In 1904, when the Japanese staged a surprise attack on the Russian fleet at Port Arthur in the Far East, Denikin immediately volunteered for frontline duty and, according to Dimitry Lehovich, in White Against Red: The Life of General Anton Denikin, soon "acquired a reputation for personal bravery and for the ability to make a quick assessment of combat situations." Action suited him better than staff work. In November, he distinguished himself during hand-to-hand attacks at Tsinchentchen and again the following year during a large cavalry raid behind enemy lines. In the course of the Russo-Japanese War, Denikin served with the border guards, the Trans-Baikal Cossacks, the Ural Trans-Baikal Division, and with the mounted troops of 2nd Army, rising to the rank of colonel.

Despite Denikin's personal success, the fate of the Russian military was tragic. Inadequate logistics and incompetent leadership robbed the gallant Russian soldiery of victory. Political unrest among soldiers and workers spilled over into the Revolution of 1905. After the war, it took Denikin one month to cross Russia from the Far East to St. Petersburg via the Trans-Siberian Railroad. At times, he and his traveling companions exchanged fire with revolutionary mobs as he made his way back to the 2nd Cavalry Corps near Warsaw.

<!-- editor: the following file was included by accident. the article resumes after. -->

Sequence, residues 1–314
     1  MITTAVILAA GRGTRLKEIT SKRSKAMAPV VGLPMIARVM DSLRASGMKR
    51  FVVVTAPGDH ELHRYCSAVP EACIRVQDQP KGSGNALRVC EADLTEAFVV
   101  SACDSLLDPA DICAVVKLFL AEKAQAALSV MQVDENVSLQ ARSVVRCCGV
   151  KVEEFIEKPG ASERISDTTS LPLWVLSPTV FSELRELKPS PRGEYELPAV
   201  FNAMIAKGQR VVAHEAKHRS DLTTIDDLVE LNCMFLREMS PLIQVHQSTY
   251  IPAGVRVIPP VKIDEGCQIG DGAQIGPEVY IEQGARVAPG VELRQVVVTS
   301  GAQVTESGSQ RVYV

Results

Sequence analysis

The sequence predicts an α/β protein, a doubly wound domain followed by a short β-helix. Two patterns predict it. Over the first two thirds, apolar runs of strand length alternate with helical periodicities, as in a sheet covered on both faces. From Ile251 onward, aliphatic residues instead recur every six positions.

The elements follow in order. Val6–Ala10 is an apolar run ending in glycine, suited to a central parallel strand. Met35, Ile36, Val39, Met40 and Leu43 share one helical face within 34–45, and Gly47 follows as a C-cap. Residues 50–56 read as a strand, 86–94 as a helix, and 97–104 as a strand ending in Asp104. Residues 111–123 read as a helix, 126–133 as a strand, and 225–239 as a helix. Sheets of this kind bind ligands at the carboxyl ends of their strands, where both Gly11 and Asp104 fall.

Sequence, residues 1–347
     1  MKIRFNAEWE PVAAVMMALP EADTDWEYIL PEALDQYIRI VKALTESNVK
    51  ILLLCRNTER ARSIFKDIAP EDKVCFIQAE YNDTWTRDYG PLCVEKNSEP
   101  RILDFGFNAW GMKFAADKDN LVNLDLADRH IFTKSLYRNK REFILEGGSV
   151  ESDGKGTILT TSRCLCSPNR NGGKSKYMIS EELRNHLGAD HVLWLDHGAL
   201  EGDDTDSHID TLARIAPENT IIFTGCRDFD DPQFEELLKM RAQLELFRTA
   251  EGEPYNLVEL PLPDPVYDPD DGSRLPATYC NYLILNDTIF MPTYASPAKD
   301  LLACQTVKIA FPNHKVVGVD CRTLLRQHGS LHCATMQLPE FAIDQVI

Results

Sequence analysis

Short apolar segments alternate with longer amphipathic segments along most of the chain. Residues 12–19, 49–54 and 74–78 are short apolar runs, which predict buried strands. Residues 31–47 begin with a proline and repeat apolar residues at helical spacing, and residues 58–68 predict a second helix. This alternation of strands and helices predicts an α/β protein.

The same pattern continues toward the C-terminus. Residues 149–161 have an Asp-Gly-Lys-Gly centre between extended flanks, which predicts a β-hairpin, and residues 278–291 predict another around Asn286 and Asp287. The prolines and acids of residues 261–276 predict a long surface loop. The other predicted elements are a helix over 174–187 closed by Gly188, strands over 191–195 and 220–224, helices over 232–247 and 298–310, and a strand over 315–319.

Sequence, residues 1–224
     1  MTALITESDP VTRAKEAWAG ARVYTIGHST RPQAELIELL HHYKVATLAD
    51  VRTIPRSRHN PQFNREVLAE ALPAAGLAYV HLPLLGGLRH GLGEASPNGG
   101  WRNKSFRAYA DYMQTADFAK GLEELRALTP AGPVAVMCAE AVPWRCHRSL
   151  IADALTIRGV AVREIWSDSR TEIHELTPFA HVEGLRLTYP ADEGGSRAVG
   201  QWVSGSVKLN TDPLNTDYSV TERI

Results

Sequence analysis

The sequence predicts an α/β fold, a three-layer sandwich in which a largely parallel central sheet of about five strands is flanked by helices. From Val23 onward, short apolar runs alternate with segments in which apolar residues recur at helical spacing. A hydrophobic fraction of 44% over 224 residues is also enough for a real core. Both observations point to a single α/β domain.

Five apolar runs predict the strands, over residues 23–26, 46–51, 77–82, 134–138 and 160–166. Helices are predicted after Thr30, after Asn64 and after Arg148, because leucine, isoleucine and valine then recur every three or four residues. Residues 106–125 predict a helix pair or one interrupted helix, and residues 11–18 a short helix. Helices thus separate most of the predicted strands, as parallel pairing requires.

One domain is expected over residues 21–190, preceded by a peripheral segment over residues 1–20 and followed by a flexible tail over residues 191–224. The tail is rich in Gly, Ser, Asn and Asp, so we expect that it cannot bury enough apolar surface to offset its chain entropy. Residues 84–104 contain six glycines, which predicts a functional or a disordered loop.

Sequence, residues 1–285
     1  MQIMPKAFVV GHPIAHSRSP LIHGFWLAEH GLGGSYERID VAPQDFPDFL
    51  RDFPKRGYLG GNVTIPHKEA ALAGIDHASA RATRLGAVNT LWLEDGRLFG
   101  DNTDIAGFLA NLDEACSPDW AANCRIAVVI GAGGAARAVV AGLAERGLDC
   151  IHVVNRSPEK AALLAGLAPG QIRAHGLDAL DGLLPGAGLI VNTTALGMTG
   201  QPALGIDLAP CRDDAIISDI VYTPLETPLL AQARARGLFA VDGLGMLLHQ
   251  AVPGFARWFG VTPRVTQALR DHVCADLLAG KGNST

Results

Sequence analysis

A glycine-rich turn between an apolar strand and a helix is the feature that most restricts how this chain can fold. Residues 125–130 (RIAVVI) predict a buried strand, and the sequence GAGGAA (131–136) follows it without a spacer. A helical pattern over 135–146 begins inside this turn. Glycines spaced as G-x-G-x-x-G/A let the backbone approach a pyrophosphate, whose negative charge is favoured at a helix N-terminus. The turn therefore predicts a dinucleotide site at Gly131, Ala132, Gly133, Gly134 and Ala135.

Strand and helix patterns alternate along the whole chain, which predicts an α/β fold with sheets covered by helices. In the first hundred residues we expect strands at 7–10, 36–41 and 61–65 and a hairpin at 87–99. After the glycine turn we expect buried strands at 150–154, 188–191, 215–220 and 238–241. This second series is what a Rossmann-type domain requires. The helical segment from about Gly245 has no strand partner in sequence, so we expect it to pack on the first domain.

By spring 1906, order had been restored in Russia. Before the close of the previous year, Tsar Nicholas II had proclaimed his October Manifesto which attempted to compromise with political dissidents by providing Russia with a parliament, or duma. For a military officer, Denikin's political views were atypical he welcomed the Manifesto and a constitutional monarchy and advocated major political reforms.

From a military standpoint, this was a time for self-examination. From 1906 to 1913, Russian authorities replaced over half of the officer corps with abler men. Denikin introduced reforms while a member of the 57th Reserve Brigade at Saratov and as commander of the 17th Arkangelogorodsk Regiment near Kiev. While progress was measurable, domestic discontent and the pressure of international events conspired against the Tsar's government, which was never able to achieve a working relationship with the Duma. Radical left-oriented parties continued to grow, including the Social Revolutionaries, the Mensheviks, and the Bolsheviks. In 1911, terrorists assassinated the Russian premier, Peter Stolypin, thereby ending perhaps the best opportunity for a compromise between Duma and Tsar. Two wars broke out in southeastern Europe in 1912 and 1913, and Russia was embroiled more deeply in the dangerously entangled web of European diplomacy. Finally, in 1914, the assassination of Franz Ferdinand, the heir to the Austro-Hungarian throne, pushed Europe into the First World War.